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Pakistan Supreme Court strikes down presidential amnesty order

[JURIST] The Supreme Court of Pakistan [official website] on Wednesday struck down [order, PDF] the National Reconciliation Ordinance (NRO) [text], which granted President Asif Ali Zardari [official website] and 8,000 other government officials immunity from corruption charges. A special 17-member panel of court ruled unanimously that the NRO is unconstitutional [Dawn report], paving the way for corruption charges to be brought against Zardari. Zardari is immune from prosecution while in office, but challenges to his eligibility [NYT report] as a presidential candidate are expected. Many other government officials, including the interior minister and the defense could face immediate prosecution.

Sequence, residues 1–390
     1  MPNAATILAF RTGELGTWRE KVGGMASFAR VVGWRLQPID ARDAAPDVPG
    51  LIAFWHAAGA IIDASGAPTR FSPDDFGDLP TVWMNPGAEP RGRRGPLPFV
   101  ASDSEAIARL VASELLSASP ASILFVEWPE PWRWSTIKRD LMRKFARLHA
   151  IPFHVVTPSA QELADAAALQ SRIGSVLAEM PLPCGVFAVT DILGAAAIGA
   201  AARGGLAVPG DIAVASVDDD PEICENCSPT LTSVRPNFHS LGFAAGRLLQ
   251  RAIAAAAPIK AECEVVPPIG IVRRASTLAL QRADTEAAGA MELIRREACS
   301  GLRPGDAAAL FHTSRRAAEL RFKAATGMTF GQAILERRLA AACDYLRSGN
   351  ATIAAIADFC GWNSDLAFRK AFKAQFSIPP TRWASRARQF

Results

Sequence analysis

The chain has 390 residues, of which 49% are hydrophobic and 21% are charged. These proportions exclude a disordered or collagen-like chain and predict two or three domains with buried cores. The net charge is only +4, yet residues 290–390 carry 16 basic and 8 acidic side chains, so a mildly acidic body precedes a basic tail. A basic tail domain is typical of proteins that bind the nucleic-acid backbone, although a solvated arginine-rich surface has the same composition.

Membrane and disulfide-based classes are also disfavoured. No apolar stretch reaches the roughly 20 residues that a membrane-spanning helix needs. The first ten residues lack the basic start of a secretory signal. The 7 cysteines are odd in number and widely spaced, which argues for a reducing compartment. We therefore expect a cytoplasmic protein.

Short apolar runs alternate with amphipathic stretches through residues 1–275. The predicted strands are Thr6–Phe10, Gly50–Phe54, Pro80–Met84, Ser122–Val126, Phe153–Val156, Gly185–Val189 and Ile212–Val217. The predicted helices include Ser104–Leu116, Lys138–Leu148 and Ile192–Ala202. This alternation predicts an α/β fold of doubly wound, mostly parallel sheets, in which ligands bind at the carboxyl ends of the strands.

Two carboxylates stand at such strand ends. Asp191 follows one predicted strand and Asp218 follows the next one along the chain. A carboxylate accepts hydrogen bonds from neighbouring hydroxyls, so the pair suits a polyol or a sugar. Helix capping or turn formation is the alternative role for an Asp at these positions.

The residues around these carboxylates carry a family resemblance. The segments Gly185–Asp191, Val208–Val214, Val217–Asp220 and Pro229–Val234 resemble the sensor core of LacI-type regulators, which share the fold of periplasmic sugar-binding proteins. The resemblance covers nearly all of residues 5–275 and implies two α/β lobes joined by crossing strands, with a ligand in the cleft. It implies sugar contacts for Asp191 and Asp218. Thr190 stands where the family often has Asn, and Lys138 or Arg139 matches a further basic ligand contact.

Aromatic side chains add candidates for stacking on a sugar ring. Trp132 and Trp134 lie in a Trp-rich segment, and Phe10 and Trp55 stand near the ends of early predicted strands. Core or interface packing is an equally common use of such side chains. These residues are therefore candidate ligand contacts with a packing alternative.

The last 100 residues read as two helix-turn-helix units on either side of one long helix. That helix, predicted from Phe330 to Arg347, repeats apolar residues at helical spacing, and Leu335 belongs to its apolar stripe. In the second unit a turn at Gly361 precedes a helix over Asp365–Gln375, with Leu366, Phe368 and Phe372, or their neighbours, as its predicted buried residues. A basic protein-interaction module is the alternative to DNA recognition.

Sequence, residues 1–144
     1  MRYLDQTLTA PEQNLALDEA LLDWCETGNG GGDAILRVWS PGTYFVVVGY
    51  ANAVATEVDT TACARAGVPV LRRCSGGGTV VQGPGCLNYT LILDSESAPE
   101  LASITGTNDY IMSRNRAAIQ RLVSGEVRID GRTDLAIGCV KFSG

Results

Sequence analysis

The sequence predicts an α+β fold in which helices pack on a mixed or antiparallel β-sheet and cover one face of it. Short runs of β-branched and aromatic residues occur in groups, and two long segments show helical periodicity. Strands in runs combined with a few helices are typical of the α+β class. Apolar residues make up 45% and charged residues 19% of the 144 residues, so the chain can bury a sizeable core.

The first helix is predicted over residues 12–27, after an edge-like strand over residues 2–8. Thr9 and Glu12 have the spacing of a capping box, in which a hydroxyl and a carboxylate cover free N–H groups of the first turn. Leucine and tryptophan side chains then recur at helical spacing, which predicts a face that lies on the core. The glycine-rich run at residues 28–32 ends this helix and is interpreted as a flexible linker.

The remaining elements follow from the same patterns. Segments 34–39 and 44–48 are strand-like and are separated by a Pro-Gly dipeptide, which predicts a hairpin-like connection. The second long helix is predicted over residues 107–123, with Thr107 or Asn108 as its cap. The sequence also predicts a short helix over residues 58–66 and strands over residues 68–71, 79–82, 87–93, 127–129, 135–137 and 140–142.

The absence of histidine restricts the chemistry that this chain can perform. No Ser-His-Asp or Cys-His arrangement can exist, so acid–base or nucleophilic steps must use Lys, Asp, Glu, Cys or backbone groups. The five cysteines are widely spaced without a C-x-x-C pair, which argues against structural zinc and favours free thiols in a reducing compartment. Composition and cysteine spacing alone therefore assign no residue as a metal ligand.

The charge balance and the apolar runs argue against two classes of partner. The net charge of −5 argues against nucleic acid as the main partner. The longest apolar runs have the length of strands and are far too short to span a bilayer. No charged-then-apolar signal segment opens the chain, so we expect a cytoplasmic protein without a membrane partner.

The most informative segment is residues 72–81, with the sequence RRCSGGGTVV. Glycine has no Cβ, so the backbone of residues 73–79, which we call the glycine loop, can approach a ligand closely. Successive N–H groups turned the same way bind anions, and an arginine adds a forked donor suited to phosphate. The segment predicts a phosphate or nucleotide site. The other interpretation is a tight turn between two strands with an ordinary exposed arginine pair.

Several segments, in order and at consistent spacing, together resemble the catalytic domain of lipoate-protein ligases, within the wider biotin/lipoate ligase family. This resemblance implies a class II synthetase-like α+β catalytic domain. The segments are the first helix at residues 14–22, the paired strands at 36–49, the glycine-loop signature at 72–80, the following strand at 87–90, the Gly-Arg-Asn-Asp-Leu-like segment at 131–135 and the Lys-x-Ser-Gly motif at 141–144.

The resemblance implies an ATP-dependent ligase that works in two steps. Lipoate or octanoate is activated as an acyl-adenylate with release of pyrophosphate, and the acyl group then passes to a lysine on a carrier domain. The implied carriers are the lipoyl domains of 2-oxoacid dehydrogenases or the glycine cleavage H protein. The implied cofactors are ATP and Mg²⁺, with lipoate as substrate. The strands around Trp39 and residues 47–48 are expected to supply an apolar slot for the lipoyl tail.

The court began hearing [JURIST report] the legal challenge earlier this month. The NRO was signed [JURIST report] by former Pakistani president Pervez Musharraf [BBC profile; JURIST news archive] in 2007 as part of a power-sharing accord allowing former Pakistani prime minister Benazir Bhutto [BBC profile] to return to the country despite corruption charges [JURIST report] she had faced. The ordinance also applies to similar charges against politicians who were charged, but not convicted, of corruption between 1988 and 1999.

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Paper Chase is JURIST's real-time legal news service, powered by a team of 30 law student reporters and editors led by law professor Bernard Hibbitts at the University of Pittsburgh School of Law. As an educational service, Paper Chase is dedicated to presenting important legal news and materials rapidly, objectively and intelligibly in an accessible format.

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